Senator Ed Murray said, “I don’t think we want to go into our civil rights laws and decide who gets served and who doesn’t get served.”
In response to Washington state Attorney General Bob Ferguson’s filing of a lawsuit against a florist for discrimination for refusing to supply flowers for a gay couple’s wedding Earlier this month, 12 Republican state senators have filed a bill that “would allow businesses to discriminate against LGBT people based on religious or ‘philosophical’ beliefs.” According to Raw Story:
State Sen. Sharon Brown (R) and 11 other of the 23 Republicans in the Washington state Senate want to legalize discrimination against gay and lesbian couples with Senate Bill 5927. The measure goes far beyond religious exceptions, allowing business to discriminate based on “philosophical beliefs” or even “matters of conscience.”
“The right to act or refuse to act in a manner motivated by a sincerely held religious belief, philosophical belief, or matter of conscience may not be burdened unless the government proves that it has a compelling governmental interest in infringing the specific act or refusal to act and has used the least restrictive means to further that interest,” the bill states.
Legislation passed in Washington state in 2006 made it illegal to discriminate against a person based on their sexual orientation, and in 2012 citizens voted to legalize same-sex marriage. However, unlike race, religion and disability, LGBT people are not considered a “protected class” under federal law, so this new bill does not recognize a business refusing them service as discrimination.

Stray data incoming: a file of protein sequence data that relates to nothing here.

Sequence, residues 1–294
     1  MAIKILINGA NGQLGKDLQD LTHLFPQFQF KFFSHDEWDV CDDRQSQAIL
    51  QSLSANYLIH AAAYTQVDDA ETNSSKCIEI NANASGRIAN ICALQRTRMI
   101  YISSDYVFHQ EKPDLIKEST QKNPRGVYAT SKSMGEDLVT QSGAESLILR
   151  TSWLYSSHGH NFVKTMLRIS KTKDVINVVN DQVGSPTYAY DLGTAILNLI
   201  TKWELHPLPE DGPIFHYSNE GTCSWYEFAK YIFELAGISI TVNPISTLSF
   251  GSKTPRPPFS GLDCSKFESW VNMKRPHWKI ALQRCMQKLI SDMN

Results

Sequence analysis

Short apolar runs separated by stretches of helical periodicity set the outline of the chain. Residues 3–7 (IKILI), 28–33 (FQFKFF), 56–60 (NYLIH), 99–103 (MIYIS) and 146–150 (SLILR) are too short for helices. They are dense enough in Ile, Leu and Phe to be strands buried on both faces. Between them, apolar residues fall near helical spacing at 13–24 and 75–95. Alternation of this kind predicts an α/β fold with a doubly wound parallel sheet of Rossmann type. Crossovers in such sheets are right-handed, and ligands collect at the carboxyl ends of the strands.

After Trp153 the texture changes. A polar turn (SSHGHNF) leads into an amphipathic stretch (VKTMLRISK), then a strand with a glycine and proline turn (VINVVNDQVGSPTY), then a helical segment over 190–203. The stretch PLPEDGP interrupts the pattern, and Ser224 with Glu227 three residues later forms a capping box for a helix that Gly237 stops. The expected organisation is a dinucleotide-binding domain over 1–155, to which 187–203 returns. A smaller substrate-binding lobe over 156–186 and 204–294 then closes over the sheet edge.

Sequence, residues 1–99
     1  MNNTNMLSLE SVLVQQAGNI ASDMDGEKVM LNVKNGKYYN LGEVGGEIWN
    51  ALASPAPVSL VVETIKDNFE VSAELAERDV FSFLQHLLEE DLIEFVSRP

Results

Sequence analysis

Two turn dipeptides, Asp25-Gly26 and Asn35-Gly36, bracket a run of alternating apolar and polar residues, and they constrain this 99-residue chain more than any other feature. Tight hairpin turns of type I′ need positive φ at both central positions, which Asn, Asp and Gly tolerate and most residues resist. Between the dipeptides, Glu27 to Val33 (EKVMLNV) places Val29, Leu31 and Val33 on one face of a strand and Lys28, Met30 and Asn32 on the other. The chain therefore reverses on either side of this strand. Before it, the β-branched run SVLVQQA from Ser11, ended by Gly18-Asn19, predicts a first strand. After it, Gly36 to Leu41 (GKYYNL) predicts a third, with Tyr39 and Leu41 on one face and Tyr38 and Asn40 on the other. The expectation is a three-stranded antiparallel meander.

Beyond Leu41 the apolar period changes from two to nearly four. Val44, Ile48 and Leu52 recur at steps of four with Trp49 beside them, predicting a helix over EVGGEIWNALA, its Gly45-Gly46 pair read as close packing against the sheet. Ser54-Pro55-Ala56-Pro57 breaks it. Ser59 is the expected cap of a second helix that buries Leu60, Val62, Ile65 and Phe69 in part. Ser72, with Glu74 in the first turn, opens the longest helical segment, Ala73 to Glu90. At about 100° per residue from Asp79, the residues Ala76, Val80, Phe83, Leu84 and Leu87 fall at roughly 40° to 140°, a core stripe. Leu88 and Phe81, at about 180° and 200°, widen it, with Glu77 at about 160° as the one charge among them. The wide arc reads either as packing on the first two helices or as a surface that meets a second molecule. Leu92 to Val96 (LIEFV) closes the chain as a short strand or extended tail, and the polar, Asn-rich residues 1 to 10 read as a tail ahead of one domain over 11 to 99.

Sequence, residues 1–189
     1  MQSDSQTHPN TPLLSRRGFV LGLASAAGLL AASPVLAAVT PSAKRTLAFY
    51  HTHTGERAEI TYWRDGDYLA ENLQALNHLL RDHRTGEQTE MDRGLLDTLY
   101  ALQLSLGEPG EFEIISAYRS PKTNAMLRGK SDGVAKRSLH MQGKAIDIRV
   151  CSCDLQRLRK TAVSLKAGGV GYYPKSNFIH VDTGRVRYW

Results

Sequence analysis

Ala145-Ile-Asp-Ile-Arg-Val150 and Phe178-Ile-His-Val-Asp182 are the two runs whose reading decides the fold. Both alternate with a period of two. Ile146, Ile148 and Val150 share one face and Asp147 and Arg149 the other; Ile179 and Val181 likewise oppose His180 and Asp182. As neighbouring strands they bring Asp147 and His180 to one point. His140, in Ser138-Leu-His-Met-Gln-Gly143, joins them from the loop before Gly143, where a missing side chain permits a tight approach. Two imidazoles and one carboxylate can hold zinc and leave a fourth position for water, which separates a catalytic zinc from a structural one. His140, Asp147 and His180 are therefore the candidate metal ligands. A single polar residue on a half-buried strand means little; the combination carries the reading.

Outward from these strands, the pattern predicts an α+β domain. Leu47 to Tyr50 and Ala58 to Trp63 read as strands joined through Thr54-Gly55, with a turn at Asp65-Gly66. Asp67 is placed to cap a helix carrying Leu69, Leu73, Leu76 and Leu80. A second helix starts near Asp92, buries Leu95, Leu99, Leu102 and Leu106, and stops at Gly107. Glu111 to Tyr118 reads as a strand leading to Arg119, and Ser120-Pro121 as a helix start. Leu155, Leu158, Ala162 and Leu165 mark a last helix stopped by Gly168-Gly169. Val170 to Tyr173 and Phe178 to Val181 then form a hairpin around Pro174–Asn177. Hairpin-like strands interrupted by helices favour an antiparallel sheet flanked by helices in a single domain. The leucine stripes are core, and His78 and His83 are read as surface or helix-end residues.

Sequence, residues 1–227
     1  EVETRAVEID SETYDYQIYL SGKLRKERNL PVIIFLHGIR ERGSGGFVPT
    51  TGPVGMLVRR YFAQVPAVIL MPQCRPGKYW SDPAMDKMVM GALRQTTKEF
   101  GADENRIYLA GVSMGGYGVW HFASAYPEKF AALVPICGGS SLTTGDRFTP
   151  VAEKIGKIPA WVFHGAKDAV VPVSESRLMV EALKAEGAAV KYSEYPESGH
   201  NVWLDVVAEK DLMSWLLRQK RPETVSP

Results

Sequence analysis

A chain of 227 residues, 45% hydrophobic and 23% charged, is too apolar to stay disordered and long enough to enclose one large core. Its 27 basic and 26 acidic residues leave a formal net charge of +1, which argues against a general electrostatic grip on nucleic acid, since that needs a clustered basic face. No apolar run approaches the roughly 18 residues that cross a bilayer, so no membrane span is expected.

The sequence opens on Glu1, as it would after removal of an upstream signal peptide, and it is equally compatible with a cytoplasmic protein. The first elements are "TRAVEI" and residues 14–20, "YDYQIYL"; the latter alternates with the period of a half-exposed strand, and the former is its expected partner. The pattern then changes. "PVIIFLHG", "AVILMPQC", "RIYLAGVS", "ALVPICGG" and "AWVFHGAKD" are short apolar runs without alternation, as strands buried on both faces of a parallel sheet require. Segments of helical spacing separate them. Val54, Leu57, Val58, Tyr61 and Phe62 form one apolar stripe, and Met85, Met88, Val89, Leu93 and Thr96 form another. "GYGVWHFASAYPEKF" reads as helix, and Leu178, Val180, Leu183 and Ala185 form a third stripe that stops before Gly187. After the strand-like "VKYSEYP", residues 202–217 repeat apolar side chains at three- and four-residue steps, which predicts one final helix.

According to The News Tribune, Senator Brown claims the bill’s intent is not to “undermine the law or the rights of gays and lesbians in the state,” she also insists it is not a “commentary on same-sex marriage,” but is instead meant to protect individuals, businesses, and religious organizations from legal persecution. She said, “There’s a glaring lack of protection for religion in state law.”
However, a spokesman for Equal Rights Washington, Josh Friedes said the bill “seeks to undermine the state’s anti-discrimination laws,and it undermines our entire approach to ensuring the equality of all Washingtonians in commerce. It is discrimination, pure and simple.”
The bill has yet to be referred to a committee or scheduled for a public hearing, but if a special session of the state senate is called it may be heard at that time.